Clare Fischer “First Time Out” (1962)

Track Selection: Nigerian Walk

Artists

Clare Fischer (p) Gary Peacock (b) Gene Stone (d) recorded April 1962 by Richard Bock for Pacific Jazz.

I had overlooked Clare Fischer for the same reason I initially overlooked Tina Brooks. Jazz is men’s work, you can’t have girly bebop. Turned out Tina was a corruption of his childhood nickname Tiny, and Clare Fischer is a man evidenced by that sculpted beard and moustache. A lot to learn, setting out on the jazz journey.

Music

Down Beat awarded Fischer’s trio five stars. The Gramophone wrote of the trio: “Fischer is that comparatively rare figure in jazz, a writer with considerable instrumental technique…the most mature and intelligent keyboard jazz since the last Bill Evans LP

Ooops, the name Bill Evans was bound to crop up. Comparison is inevitable. The combination of Gary Peacock’s bass and Fischer’s piano is definitely reminiscent of Evans and La Faro, though in a good way. If you like Evans, you will almost certainly enjoy Fischer. He later went on to be mainly a studio professional, but at this time Fischer was working firmly within Bill Evan’s orbit of the piano trio as three autonomous musicians, and not  piano with rhythm section.

Back to Gramophone: “Gary Peacock plays so brilliantly throughout this record that the LP would be worth the price just for his work alone. Peacock is certainly one of the most amazing bass players to arrive during the last decade; when taking solos he shows a predilection for upper register notes, but these are played perfectly in tune. The drummer, Gene Stone, is swift and efficient”  So no Paul Motian then.

Vinyl: Fontana 688 124 ZL black and silver Fontana label, pressing by Decca

UK 1st release of Pacific Jazz PJ/PJS 52, produced by the excellent Richard Bock for his West Coast label. Bock had clear ideas what jazz should sound like, and delivered here a clearly superior recording in which each member of the trio has a credible physical presence. Decca were no slouches either, with quality pressing which retains the rich dynamic range essential when such contrasting instruments as piano acoustic bass and drums are on the stage.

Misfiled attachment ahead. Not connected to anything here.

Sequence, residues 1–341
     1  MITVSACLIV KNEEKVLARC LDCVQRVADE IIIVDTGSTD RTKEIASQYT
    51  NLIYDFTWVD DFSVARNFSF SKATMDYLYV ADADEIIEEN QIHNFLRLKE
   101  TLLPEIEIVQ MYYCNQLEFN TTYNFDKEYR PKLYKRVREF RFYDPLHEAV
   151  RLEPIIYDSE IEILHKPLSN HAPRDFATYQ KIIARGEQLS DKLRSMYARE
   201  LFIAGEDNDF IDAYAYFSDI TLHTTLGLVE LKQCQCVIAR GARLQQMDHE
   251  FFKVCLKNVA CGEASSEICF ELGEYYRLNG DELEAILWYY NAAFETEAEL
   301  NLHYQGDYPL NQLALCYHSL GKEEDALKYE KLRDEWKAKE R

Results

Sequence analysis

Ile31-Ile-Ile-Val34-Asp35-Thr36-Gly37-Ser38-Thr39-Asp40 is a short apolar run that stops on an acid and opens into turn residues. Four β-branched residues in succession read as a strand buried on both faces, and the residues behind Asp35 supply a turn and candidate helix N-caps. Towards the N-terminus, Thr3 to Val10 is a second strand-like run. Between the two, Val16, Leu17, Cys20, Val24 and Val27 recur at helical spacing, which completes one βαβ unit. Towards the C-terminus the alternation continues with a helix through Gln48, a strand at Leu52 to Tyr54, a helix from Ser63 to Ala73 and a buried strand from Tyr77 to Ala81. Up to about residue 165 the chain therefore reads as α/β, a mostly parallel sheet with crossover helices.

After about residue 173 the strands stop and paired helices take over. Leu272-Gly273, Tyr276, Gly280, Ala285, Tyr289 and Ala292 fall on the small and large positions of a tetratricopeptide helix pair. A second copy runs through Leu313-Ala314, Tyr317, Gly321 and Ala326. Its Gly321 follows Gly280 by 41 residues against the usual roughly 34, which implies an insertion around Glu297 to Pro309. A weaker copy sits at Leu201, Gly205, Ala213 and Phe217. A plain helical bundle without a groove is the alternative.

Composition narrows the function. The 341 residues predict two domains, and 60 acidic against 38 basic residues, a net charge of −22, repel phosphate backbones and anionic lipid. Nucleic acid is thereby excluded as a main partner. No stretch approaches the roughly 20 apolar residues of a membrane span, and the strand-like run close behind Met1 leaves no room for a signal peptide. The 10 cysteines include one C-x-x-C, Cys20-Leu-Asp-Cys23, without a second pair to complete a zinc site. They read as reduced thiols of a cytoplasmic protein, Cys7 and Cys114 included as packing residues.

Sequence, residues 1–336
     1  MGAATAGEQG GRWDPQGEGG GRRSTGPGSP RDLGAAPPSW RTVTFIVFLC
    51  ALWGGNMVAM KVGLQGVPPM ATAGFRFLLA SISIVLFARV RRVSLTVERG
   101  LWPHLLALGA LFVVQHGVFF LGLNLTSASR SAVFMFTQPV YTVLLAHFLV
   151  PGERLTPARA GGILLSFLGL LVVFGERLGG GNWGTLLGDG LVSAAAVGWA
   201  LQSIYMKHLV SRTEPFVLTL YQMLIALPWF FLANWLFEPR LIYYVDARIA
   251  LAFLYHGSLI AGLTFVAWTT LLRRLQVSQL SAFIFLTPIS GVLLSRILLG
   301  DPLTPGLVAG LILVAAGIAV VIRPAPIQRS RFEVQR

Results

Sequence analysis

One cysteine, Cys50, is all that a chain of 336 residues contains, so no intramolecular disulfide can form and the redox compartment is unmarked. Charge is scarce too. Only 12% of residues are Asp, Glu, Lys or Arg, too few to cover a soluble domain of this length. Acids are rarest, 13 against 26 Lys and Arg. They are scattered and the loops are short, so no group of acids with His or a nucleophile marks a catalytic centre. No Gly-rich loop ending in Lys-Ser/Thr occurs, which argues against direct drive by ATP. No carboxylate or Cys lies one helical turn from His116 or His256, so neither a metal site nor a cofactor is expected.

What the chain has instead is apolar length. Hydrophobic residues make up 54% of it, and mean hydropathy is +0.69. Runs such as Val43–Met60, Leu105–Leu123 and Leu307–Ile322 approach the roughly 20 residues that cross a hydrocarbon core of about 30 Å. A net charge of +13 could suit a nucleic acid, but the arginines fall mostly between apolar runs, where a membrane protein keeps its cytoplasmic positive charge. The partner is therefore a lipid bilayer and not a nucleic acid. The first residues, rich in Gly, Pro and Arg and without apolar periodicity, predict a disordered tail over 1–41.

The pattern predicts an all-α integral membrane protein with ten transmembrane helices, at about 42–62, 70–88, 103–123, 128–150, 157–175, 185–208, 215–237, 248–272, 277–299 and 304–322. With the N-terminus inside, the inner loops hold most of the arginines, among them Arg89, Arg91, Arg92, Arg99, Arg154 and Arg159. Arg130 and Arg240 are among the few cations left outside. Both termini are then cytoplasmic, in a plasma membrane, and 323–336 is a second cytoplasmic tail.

(Note to myself – to add matrix photo)

Collectors Corner

Following recent success in sticker removal, I set my sites in the cover’s Downbeat five-star award sticker, only to find it is printed photographically as part of the cover. So it gets to stay.

Fischer is nowhere near as collectible as Bill Evans with his Kamikaze following weighed down by bulging cheque books. With Fischer being  somewhat underrated, you get thoughtful great sounding music at a very modest price. Even if his name is “Clare”.

Advertisements

9 thoughts on “Clare Fischer “First Time Out” (1962)

  1. After reading your post, I noticed a record I would not otherwise have paid a second thought to. It was an album featuring Clare Fischer on the Yamaha EX-42 (precursor to the GX-1 “Dream Machine” famously used by Stevie Wonder on “Songs in the Key of Life”):

    http://en.wikipedia.org/wiki/Electone
    http://arkadinsark.blogspot.com/2010/06/clare-fischer-clare-fischer-ex-42-mps.html

    I wasn’t brave enough to take the plunge into early 70s synth-jazz, however…

    • I find electric pianos painful, and it’s a lot too recent for me, but listening through to some of the samples, I confess there are bits of the Lee Konitz type alto solos I quite enjoyed. And Fischer is a very capable improviser. Its the Devils Work I tell you. Thats three Hail Marys for me

    • Found out the hard way huh? Lets not go there. I once worked with a very dedicated surgeon who wanted to start a blog on his professional interest, colo-rectal sugery. It took a lot of time to explain what Google web-crawlers would make of his subject header.

  2. I got this record (same pressing, sounds beautiful) a couple of weeks back. The first track is fantastic. I’m a big fan of Gary Peacock so it’s nice to hear him get a lot of solo space. He must have been very young when this was recorded.

Leave a Reply

Fill in your details below or click an icon to log in:

WordPress.com Logo

You are commenting using your WordPress.com account. Log Out /  Change )

Google photo

You are commenting using your Google account. Log Out /  Change )

Twitter picture

You are commenting using your Twitter account. Log Out /  Change )

Facebook photo

You are commenting using your Facebook account. Log Out /  Change )

Connecting to %s